Emma-Lee MacMaster, Clarence Valley Anglican School, Australia

​We’re always excited to hear how teachers from all over the world use our resources in their classrooms. It was especially exciting to learn about Emma-Lee who teaches science in the ‘Land Down Under’- the extraordinary continent of Australia.

We’re always excited to hear how teachers from all over the world use our resources in their classrooms. It was especially exciting to learn about Emma-Lee who teaches science in the ‘Land Down Under’- the extraordinary continent of Australia.

Emma-Lee has been teaching high school students for six years in her coastal hometown of Coffs Harbor which is about 340 miles north of Sydney. According to Emma-Lee it’s the perfect mix of rural, river, coastal and rainforest environments. The cultural diversity and appreciation for the earth gives and her students an invaluable canvas to teach and observe nature.

“Being guided by Australia's Traditional Owners provides my students a rich environment to observe and understand the impact of the climate crisis on our continent,” said Emma-Lee. This thoughtful approach to teaching science has a significant influence on Emma-Lee’s students who prefer learning science in nature rather than through the constraints of screen-learning during COVID.



A Renaissance Woman

Emma-Lee is currently teaching high school Sciences, Mathematics, and Technology at Clarence Valley Anglican School. “Since my first teaching position I have taught Science, Math, History, Design and Technology, Computing, Textiles, Food Technologies and Music and Art.  As they say, variety is the spice of life!” shared Emma-Lee.

“My two favorite subjects to teach are high school Earth and Environmental Science and STEM. Both subjects highlight project-based, inquiry learning through topics including Robotics, Sustainable Living Design (green cities), Biomedical Innovation, Aerodynamics, and Design for Space,” said Emma-Lee. “These subjects 

are excellent platforms to teach phenomena-based science through scientific observation and application.”

“Teaching young people every day gives me hope for our world. I am encouraged by our students’ ability to think critically, creatively and fearlessly in the face of the climate crisis,” said Emma-Lee.

“I was first introduced to Shape of Life during my university study in Evolutionary Biology and I was hooked!  The clarity of the phyla videos demonstrating the taxonomy of each grouping in its natural habitat was so knowledge-affirming,” said Emma-Lee.  “These videos have the same effect on my students. Tomorrow I’m showing my Earth and Environmental students the Cambrian Explosion video for the first time.  I can already see their amazed faces.  These resources are invaluable!” states Emma-Lee.

The Land of Evolution and Adaptation

“Being in Australia, we’re lucky to have many beautiful and unique natural spaces to explore and learn from.  We live on an island continent where native flora and fauna have developed many unique features that make teaching evolution and adaptation impactful,” says Emma-Lee.


“Most of our native plant species have adapted to survive long periods of drought and hot temperatures, and extreme heat from bushfires. Plants species can still germinate in this environment and some even tolerate high salt levels.  Animals have also adapted to survive in these tough conditions - from koalas eating nothing but the Eucalyptus leaves (which is toxic to other animals when consumed in large amounts), to kangaroos capable of pausing their pregnancy ( embryonic diapause) when food and water are scarce. It’s an amazing environment to illustrate the natural world,” said Emma-Lee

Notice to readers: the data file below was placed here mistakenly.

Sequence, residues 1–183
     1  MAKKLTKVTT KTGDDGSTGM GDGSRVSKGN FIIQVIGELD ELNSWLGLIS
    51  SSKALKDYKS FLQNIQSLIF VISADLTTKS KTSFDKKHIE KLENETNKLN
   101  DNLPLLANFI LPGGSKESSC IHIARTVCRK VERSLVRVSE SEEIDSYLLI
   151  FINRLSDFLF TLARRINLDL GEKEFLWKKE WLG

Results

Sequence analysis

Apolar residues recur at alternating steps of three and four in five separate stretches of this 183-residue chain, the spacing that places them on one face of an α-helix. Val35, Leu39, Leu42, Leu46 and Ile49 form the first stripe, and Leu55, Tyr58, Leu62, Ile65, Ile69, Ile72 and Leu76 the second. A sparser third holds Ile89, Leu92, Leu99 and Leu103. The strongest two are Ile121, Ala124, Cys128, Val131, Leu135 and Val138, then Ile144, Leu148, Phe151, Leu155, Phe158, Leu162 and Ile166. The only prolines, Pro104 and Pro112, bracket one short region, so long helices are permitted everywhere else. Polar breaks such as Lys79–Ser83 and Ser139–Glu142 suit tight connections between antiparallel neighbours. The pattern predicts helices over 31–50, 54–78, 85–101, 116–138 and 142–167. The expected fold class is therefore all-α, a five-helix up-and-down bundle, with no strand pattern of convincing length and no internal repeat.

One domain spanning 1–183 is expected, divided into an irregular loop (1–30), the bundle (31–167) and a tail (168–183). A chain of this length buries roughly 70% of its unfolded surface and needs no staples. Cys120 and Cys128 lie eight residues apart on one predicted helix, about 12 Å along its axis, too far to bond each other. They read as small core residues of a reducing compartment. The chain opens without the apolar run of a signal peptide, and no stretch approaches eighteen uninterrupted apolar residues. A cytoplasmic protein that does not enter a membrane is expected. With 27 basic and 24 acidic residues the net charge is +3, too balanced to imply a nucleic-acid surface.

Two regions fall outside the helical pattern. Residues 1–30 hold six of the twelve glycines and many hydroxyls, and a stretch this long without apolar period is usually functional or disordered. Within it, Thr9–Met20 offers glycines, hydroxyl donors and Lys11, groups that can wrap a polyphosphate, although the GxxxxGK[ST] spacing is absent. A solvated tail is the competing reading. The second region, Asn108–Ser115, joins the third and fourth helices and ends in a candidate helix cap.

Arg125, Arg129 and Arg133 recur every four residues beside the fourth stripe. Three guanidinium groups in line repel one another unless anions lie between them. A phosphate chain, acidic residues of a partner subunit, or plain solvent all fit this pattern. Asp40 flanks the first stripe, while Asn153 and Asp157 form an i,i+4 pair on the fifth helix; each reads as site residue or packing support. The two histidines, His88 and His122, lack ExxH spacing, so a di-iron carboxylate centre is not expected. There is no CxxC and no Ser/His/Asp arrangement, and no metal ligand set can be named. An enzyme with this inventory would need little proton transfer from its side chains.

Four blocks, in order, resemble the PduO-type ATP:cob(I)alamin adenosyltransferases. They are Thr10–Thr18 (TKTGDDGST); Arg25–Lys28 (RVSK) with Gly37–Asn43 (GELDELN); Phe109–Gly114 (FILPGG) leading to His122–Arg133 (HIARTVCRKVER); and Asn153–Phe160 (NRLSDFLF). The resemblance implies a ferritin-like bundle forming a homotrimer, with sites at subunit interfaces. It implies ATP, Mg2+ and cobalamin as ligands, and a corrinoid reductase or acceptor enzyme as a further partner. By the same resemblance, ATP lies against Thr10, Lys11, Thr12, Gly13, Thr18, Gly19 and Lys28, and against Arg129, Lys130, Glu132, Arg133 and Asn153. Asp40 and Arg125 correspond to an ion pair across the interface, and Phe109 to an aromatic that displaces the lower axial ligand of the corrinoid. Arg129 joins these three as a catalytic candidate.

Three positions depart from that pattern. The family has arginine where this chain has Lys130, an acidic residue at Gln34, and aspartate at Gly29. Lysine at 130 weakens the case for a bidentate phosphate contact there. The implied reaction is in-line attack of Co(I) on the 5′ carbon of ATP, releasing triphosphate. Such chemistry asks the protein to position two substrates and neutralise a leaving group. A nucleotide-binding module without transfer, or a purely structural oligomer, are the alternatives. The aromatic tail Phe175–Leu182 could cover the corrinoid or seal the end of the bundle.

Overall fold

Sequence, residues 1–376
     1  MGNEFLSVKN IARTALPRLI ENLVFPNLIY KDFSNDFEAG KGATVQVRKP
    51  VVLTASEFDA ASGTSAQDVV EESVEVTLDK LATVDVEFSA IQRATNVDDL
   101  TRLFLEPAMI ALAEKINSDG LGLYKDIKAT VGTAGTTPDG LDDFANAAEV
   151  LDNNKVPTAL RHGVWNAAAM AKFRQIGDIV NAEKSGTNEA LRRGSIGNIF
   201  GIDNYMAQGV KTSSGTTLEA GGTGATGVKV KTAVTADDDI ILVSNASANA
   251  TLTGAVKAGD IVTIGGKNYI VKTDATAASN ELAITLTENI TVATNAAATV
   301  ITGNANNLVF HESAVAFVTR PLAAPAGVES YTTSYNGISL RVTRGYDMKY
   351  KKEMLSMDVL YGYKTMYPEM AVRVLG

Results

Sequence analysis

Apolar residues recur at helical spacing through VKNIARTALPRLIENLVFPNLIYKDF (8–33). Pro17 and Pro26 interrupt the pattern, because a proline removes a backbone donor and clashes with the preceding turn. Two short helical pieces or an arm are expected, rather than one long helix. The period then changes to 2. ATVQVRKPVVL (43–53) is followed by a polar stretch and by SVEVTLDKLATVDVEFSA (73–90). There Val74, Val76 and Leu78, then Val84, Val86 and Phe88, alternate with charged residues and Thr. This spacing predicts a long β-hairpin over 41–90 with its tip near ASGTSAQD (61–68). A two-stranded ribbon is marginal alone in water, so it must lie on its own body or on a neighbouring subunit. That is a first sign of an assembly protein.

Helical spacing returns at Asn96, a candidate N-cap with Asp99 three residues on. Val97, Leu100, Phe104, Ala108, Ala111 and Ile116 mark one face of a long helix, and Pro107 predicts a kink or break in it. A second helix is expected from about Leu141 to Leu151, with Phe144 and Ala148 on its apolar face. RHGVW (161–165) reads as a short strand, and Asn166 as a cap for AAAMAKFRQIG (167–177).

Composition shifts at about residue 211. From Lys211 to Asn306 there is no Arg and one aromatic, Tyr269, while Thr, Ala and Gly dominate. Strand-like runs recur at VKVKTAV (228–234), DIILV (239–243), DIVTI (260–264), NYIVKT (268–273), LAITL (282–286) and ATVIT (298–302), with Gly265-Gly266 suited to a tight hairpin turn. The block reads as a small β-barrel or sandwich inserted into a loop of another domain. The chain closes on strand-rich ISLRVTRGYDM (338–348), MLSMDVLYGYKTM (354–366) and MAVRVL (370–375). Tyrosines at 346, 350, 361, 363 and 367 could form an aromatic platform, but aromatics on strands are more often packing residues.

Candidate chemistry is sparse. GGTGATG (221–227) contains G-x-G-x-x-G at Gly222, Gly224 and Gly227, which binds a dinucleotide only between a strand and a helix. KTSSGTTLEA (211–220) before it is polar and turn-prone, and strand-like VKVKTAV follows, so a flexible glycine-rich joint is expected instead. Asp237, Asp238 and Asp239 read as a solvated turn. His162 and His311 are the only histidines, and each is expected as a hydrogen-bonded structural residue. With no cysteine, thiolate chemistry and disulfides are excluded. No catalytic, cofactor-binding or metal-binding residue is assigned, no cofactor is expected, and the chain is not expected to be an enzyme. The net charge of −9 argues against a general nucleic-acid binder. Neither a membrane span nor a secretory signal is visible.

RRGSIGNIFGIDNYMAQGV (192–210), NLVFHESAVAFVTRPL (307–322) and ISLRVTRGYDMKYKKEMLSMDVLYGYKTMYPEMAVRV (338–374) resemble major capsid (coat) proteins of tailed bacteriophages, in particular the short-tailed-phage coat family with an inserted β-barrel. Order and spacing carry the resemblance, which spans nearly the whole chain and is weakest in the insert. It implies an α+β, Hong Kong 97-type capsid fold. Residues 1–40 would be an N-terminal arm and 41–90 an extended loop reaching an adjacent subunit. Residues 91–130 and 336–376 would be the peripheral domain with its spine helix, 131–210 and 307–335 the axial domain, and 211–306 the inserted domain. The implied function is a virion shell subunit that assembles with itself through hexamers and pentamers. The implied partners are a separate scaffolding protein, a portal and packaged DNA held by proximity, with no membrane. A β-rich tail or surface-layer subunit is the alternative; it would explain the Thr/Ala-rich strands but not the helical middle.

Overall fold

Experiencing ‘Climate Crisis’ in Real-Time

Last summer Australia experienced five months of out-of-control wildfires after an extended drought and extreme temperatures caused by global warming. “There have been bushfires every summer for my whole life and while inconvenient (often devastating), it was nothing like last summer,” shares Emma-Lee.

 “These fires have shaped our country and collective understanding of the impacts of climate change.  Droughts are longer. Fires are more intense. Rains bring flooding to grounds not porous enough to absorb water. Plants and animals are threatened and devasted all in the space of one summer. Nature does not change quickly-- but the changes here are becoming more dramatic and my students see it daily,” said Emma-Lee.

Gondwana-remnant rainforest was burnt for the first time damaging 500-year old rock art and millions of acres of wildlands.  Emma-Lee shared with us a “super-secret mission” that saved the last remaining wild grove of the Wollemi Pine, a prehistoric tree species that has out-lived the dinosaurs.

According to Emma-Lee, it’s just as challenging to teach science during COVID in Australia as it is anywhere else in the world, (even though Australia case numbers are much lower than U.S.). Despite the challenges, Emma-Lee does see the ‘upside’ with an “explosion in virtual field studies and live streams of natural phenomena that weren't available before COVID. We've also been able to study the positive impacts on the environment and climate when human movement slows.”


Science and Empathy Go Hand-in-Hand

Emma-Lee believes science education is shifting. “There is a change in the way science is being  taught with more emphasis on skill development to better address challenges in uncertain times of the climate. I think we are also seeing how science and empathy go hand-in-hand with first-hand observations of the climate crisis’ impact on humans and wildlife.”

Emma-Lee sees an uptick in science courses by students in just six years which she believes indicates a hopeful generational shift.

Thank you, Emma-Lee, for giving us hope by sharing your experience teaching science in the extraordinary land of Australia.